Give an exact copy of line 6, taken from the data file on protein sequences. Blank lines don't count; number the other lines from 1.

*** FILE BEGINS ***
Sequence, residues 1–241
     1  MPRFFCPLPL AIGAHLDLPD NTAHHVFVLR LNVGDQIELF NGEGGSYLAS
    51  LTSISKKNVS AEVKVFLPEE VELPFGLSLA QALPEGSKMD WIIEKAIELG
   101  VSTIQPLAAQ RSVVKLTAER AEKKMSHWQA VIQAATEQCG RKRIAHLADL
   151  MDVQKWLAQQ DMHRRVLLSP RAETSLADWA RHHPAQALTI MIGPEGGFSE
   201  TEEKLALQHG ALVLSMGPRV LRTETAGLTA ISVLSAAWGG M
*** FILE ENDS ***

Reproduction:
   201  TEEKLALQHG ALVLSMGPRV LRTETAGLTA ISVLSAAWGG M